“The same guys aren’t laughing now. They’ve said, ‘I never would have believed you’d make that much money off a friggin’ eel in the brook, it was worth nothing when you started,'” LaRochelle said. “Everyone could have gotten a license in those early years, but nobody wanted one until the price went back up. There’s a few of them that had licenses, and they kick themselves in the butt for not renewing it.”

As the value of elvers increased, regulators and legislators started imposing limits on how much people could catch so that the population wouldn’t die out (and to prevent poaching, which was rampant in the 2010s). As a result, the maximum amount of elvers each license holder can catch – and money they can make – varies.

New license holders start with 4 pounds and in recent seasons have earned up to $8,500.

The most experienced fishermen can rake in over $200,000. Seven fishermen have quotas stretching past 100 pounds., according to Darrell Young, president of the Maine Elvers Fisherman Association.


Maine’s tribes are also allocated a certain portion of the state’s quota every year, with the authority to dole out licenses themselves.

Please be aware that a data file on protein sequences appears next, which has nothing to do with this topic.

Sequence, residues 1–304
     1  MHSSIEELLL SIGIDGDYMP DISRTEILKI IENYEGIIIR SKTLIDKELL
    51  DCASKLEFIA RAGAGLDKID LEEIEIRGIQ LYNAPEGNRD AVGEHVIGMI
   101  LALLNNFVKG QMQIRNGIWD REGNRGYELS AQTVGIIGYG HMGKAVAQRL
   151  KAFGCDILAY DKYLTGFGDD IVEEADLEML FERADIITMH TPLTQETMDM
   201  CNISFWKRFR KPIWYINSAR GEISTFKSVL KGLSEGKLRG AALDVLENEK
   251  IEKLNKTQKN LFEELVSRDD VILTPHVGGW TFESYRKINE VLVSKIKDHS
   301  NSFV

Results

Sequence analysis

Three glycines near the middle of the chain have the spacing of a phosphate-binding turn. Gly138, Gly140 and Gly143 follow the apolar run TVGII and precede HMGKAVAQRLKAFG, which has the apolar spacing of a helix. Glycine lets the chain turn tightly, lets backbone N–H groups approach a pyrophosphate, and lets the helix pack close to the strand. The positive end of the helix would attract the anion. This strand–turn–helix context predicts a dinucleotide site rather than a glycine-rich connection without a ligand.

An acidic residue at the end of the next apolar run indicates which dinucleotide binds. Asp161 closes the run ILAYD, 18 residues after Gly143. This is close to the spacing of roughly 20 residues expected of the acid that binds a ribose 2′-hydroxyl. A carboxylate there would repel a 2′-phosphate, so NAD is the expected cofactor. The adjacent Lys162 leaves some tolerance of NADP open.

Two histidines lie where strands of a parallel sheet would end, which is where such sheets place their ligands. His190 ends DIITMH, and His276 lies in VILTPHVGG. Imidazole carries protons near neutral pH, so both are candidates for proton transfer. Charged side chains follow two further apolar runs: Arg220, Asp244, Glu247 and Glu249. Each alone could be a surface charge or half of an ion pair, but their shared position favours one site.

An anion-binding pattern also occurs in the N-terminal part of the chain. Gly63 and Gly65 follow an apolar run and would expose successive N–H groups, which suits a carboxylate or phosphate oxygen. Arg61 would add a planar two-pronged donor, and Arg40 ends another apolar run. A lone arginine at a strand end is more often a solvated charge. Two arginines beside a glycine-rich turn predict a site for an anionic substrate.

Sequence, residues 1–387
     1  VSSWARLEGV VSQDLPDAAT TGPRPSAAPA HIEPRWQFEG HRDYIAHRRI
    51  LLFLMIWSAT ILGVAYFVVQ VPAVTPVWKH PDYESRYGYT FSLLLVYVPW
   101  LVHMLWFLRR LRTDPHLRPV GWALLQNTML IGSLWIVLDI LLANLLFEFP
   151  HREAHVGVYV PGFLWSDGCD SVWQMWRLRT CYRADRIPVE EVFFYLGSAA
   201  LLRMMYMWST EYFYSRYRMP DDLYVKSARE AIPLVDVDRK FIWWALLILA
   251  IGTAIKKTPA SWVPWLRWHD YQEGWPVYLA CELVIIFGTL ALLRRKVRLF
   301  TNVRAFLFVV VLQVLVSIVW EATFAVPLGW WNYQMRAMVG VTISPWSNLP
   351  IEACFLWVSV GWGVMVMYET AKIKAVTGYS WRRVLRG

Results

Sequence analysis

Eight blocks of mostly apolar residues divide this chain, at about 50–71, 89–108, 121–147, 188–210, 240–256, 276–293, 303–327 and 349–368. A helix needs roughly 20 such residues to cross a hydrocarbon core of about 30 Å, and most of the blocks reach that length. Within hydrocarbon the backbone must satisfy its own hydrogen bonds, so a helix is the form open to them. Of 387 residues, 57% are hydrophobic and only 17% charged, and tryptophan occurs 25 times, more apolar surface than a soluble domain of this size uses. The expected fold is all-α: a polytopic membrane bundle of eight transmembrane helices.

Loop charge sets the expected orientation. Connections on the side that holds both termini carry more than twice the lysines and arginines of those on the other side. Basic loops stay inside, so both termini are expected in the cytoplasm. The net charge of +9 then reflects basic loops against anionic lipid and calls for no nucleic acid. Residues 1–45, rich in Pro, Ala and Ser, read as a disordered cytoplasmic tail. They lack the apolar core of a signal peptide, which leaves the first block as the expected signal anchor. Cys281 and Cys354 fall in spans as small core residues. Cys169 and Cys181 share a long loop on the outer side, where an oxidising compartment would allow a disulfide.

It’s not just the potential to have something coveted that appeals to Dodge. She wants to join in on the fun of elver fishing.

“It’s exciting, the build up before the season starts,” she said.

That’s why Chris Yattaw, a former ground fisherman, wants in, too. Yattaw has a camp in Waltham, next-door to Young.

Baby Eels Fishing

Elver fishermen set up a net on the Penobscot River in Brewer in 2017. Fishermen who want to harvest one of the most valuable aquatic species in Maine are hopeful they will be among the 16 new people given a license this year. Applications for the elver license lottery are due Monday. Robert F. Bukaty/Associated Press

“It would be something else I could do to hang out with Darrell – and if I didn’t know him, I probably wouldn’t have even entered,” Yattaw said. “Plus, I’d make a little more money.”


But the stakes are still high for Dodge and Blackler.

Blackler’s work during the short season enables him to put in more time taking care of his kids in between his other jobs fishing tuna and running a Midcoast charter. That helps the family avoid the mounting costs of day care.

The extra money would unquestionably help out the family.

And playing the long game also makes these licenses worthwhile. After 4 pounds are doled out to each new fishermen, the remaining pounds from former license holders’ quotas are then divvied up between all current license holders, meaning fishermen see small increases with every turnover. And in such a lucrative industry, the license is almost like owning equity.